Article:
Fast-forward to January 1997, and it was Snoop’s turn to perform on SNL to promote his album, so I got another call from Death Row to help out again as the Musical Director. But they owed me $25,000 for my past session work, so I refused to help them. Even when Snoop called me about it, I was like, “Look man, you’re my brother, but the label owes me a lot of session money and they don’t answer my calls about it. You know that paying their staff has become an issue for them “. So Snoop said he would get my money and I received a call from the label shortly thereafter to pick up a cheque for $25,000. His SNL show turned out great. Snoop wasn’t like 2pac at all; he was about doing good business, making music and having fun, so working with him was a completely different experience.
– What if Death Row hadn’t paid you? Would you have sued them?
Absolutely. They had a year of outstanding debt owed to me and no-one was returning my phone calls, so I was already setting up legal action when Snoop intervened. It was a shame, because Death Row hadn’t always behaved like that. Their stinginess with money only started once “All Eyez On Me” went multi-platinum. Suge started blowing money recklessly by the millions, and I think it came back to hurt the label. Interscope was like, “We’re not giving you any more money. We already paid you. If you owe someone, that’s your problem now “.
– Let’s talk about “All Eyez On Me”. I’ll mention some tracks, and you can tell me if you played bass on them, and what the recording process was like:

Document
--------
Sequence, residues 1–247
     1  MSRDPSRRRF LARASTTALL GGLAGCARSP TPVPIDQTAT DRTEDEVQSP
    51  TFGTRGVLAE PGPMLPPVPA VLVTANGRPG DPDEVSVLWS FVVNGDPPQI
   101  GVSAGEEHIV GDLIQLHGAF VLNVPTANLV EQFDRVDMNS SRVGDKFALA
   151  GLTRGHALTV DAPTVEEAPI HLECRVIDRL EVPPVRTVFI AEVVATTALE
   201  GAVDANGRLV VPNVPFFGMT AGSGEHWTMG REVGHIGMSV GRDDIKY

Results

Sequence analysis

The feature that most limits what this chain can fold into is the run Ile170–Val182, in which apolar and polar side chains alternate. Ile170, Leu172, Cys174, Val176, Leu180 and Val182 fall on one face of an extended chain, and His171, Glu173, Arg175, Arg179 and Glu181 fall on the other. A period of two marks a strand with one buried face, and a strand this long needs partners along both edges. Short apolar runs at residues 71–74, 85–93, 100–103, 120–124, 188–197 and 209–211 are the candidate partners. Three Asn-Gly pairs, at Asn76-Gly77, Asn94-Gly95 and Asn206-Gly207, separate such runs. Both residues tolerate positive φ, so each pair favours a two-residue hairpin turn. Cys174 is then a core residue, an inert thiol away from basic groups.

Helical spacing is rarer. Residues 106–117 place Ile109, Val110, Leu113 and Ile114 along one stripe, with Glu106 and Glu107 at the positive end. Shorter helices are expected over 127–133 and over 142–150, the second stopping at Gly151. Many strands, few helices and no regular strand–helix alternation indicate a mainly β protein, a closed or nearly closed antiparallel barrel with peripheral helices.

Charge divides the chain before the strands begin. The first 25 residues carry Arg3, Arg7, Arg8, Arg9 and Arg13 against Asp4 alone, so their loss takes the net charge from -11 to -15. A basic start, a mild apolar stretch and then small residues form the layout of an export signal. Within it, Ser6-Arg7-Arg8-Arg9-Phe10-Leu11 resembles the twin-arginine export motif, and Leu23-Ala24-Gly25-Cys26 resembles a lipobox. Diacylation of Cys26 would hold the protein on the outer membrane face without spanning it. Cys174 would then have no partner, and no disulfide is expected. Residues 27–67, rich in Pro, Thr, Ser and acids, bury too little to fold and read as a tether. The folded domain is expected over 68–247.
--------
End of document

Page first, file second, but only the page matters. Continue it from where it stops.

How Do U Want It: I played on that one. That track was interesting because when I came into the studio, Johnny J had already looped a sample that I recognized from Quincy Jones’ “Body Heat“, and I thought it was cleverly done. I remember telling Johnny, “You need to stop whatever else you’re doing and let me play a bass-line to that “.
All About U: I played the bass on that one, with Johnny J on production. Obviously, we just recreated Cameo’s “Candy“. The comical part of the song is how Snoop, 2pac and Nate Dogg came up with the hook. There were twenty people in the studio and everybody was passing joints around as the Million Man March was being shown on TV. Snoop caught sight of a CNN interview with a girl he recognized from one of his music videos. Back then, she played the role of a raunchy video chick, but now she was in the streets talking like a social activist and Snoop thought it was funny. That’s what inspired all of them to write “All About U”. It was also one of the few good experiences I had with 2pac. I think because Snoop and Nate were there, it created a positive atmosphere that made him want to have fun and make music.